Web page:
A bunch of people (what are you trying to say?) sent me Crawford Kilian’s recent piece from the Tyee on school closures, so here it is. Is this relevant to our district?

 

BC School Closures: A Cure Worse Than the Disease

The number shut by BC’s Liberals is 176 and climbing, but here’s why the savings will likely prove a mirage.

 By Crawford Kilian

TheTyee.ca

18 February 2010,

 Forty-four of B.C.’s 60 school districts have closed 176 schools since 2002, and over 50 more closures are certain or threatened over the next couple of years. But demographic projections suggest that closures are a short-term solution that will create a long-term problem. Continue reading

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Is this the “Hill to Die On” for BC School Trustees?

Here is an excerpt from Crawford Killian in the Tyee regarding the vote to pass a “needs” or deficit budget in School District 27 Cariboo-Chilcotin:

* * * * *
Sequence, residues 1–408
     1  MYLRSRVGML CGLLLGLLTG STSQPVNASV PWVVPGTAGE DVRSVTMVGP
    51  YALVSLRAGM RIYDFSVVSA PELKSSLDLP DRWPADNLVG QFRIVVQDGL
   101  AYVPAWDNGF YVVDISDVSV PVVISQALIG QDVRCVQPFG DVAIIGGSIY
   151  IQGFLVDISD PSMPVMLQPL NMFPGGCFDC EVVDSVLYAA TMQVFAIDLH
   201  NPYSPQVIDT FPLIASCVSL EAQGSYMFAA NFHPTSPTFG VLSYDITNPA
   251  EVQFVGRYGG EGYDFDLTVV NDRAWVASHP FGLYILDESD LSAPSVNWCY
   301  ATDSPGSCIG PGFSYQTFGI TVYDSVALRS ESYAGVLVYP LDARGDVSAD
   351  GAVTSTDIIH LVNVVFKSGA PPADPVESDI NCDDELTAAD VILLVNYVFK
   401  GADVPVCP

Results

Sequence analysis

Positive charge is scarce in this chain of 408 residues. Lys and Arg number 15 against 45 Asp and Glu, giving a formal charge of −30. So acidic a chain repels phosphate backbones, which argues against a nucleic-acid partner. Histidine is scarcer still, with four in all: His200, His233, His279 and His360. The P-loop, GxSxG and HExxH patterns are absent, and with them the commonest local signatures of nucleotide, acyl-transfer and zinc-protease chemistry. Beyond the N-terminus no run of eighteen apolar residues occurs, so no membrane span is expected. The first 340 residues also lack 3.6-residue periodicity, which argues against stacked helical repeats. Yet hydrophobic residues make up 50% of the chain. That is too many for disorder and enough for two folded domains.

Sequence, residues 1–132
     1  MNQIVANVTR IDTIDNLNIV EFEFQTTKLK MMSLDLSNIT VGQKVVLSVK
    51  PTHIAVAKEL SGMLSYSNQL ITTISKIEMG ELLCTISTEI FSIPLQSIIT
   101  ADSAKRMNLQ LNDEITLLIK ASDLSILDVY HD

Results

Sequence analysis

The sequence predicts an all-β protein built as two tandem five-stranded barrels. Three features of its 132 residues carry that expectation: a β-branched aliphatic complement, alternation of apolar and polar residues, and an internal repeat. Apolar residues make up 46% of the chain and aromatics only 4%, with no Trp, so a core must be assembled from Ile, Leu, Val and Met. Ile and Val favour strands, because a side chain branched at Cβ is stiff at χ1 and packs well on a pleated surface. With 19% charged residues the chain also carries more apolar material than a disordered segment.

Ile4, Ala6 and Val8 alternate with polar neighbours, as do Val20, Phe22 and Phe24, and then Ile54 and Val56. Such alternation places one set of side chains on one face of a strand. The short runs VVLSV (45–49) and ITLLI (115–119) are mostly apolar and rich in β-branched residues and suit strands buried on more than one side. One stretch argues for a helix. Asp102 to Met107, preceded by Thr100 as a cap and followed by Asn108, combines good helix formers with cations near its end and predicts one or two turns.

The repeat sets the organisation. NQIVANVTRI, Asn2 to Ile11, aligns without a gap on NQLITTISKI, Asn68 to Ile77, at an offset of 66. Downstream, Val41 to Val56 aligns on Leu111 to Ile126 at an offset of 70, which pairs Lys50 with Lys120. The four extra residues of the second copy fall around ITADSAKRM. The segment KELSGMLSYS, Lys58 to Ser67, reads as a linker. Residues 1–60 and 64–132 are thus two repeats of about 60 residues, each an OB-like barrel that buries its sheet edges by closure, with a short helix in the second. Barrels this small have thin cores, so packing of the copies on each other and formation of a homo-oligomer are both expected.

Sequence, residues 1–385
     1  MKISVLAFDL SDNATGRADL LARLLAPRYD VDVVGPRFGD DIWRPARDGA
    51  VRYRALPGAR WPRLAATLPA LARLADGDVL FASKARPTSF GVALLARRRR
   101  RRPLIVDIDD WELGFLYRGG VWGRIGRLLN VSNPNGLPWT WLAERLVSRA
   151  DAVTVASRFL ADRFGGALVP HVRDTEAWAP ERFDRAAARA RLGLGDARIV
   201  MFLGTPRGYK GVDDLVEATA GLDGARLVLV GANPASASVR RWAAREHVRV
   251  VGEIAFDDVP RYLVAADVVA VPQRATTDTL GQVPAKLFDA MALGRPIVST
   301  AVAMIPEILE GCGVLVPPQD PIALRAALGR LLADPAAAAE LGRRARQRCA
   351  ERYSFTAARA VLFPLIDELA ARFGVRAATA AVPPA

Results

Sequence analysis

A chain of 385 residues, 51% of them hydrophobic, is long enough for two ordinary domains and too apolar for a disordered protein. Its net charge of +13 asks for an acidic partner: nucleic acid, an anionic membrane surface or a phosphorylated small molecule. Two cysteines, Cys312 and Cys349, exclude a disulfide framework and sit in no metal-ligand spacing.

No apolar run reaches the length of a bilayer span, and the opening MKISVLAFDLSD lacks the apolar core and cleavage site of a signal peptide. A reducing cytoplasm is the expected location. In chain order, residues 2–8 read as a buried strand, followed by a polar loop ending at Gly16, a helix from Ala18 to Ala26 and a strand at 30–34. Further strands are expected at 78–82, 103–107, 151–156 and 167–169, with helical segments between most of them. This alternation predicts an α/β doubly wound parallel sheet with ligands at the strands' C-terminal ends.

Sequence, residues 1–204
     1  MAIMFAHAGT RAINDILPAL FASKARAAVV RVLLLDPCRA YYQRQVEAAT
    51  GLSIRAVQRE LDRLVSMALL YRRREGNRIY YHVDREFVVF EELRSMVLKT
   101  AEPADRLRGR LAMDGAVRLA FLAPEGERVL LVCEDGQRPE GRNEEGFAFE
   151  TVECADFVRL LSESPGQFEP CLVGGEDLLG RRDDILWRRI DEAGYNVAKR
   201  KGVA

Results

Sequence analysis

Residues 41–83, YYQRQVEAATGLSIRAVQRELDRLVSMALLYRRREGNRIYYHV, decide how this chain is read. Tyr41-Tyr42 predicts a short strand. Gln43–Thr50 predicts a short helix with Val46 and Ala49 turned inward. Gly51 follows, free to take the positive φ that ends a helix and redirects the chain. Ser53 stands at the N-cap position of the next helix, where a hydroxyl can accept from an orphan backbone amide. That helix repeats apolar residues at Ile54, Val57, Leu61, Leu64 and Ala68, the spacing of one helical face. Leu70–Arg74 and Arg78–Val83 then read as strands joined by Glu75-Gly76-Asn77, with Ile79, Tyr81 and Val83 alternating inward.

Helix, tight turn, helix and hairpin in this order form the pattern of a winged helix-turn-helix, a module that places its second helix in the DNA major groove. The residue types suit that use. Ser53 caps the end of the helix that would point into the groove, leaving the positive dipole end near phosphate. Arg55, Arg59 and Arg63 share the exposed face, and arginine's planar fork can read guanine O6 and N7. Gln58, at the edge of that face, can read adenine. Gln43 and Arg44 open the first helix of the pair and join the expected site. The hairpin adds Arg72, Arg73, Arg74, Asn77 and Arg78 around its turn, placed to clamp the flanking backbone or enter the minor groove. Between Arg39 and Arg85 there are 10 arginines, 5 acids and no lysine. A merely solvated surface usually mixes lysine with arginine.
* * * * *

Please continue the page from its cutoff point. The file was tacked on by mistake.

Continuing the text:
“In a move similar to other financial crises dating back to the mid-1980s, the trustees of School District 27 (Cariboo-Chilcotin) have voted 4-3 for a budget that would break provincial law by running a deficit.

The decision, taken at a meeting on January 28, puts the board on a collision course with Victoria and could result in the firing of the trustees.”

Read the full article here

See Janet Steffenhagen’s piece on the subject here

It’s a move I’ve thought about, and might take if I’m convinced it’s the best thing for our children’s education. It’s a bit drastic, but most Boards are feeling backed into a corner on the issue of ever dwindling funding to our districts. We are frustrated and many Trustees feel like we are banging our heads on the wall over this issue. The public is feeling the same, as we’ve been hearing clearly during our consultations in the last few months.

It would certainly be taking a stand. Much cooler than writing another letter. There aren’t that many options for taking a stand (or being cool, for that matter) as a Trustee, so a move like this would certainly get some attention. It might be the only way to finally say “enough is enough.” Continue reading

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“It was my understanding there would be no math”